My mother described her very well as being "Valiant... without being vicious." She did not believe in using harsh words, or giving in to negative thoughts and self pity. She was indeed a warrior without violence. Her life during the time we knew her was one of constant helping. The week before she passed, some of my siblings and I had it out with the woman who had been our cult leader growing up; and hearing some of the remarks at Helen's funeral drove home for me the reality that religious beliefs alone cannot fundamentally change a person - for better or for worse. Helen would have said she believed many of the same things that this other woman believed, although they were not in agreement on all doctrinal points. But their beliefs manifested in such different ways, directed by the heart inside. Helen loved all of God's creatures, no matter how fallen, and would lend a helping hand to anyone in need, even if she admonished them the while to change their ways. My own mother is much the same way, generous with her material goods as well as her advice. So different from the attitude that one is receiving their "just desserts" if they face insurmountable obstacles, and must first change their ways to be deserving of help or love. Helen was ever sorry to see others suffering, while the other woman seemed to rejoice in what she always perceived as justice being meted out.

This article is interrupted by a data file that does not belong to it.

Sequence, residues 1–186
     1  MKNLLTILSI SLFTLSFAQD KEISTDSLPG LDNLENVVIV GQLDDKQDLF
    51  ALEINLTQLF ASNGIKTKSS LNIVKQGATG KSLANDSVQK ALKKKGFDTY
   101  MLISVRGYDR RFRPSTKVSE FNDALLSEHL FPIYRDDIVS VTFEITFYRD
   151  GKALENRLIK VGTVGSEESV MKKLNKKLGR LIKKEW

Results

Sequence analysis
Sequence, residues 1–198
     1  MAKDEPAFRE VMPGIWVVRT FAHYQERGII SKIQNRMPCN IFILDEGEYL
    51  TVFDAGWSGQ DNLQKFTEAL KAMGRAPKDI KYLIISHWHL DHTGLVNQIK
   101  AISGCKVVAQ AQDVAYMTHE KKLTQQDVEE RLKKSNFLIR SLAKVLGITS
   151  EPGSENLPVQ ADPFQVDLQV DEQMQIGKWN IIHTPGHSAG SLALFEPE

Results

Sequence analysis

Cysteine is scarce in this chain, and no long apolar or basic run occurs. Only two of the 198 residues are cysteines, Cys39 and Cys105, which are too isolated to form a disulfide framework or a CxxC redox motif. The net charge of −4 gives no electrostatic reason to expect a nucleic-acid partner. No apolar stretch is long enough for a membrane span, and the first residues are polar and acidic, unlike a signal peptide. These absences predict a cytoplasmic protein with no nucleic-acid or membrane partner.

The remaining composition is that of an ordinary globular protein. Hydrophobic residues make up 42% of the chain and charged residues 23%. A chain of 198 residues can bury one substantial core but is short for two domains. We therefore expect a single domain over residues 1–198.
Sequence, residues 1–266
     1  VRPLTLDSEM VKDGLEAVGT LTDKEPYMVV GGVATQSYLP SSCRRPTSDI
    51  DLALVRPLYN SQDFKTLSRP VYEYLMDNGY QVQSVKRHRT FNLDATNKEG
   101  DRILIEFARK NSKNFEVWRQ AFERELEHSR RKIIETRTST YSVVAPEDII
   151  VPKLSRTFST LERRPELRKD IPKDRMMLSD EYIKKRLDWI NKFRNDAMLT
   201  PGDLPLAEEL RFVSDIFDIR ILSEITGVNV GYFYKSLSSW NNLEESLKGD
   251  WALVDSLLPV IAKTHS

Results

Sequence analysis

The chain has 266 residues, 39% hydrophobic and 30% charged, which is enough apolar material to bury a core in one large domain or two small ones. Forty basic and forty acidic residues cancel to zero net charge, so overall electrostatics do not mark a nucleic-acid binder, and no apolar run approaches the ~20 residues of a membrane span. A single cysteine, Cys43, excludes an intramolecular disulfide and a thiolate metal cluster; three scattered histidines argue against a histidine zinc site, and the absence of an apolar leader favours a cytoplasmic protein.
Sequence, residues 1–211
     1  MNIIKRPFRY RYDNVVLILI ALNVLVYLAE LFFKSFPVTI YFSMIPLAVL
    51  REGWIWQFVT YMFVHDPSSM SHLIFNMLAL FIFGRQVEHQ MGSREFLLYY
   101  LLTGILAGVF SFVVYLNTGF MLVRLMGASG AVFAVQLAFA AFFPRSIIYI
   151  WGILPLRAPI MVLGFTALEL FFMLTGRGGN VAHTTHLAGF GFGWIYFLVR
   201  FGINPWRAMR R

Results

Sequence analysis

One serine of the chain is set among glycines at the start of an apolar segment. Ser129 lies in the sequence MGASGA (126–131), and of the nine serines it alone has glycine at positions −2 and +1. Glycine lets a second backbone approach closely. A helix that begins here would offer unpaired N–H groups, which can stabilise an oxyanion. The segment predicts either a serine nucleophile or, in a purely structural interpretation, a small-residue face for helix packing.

I feel as though a chapter of my life has closed. I have to decide whether I will go on from here following in the footsteps of harshness and arrogance, for whatever reason - the reason isn't relevant - or in the footsteps of kindness and acceptance. I really, really hope I take Helen's path. I will never believe all the doctrines she espoused, but I want very much to be the sort of person that she was.
Memory Eternal, Miss Helen. May God grant you peace and rest, and the reward of your hard labors.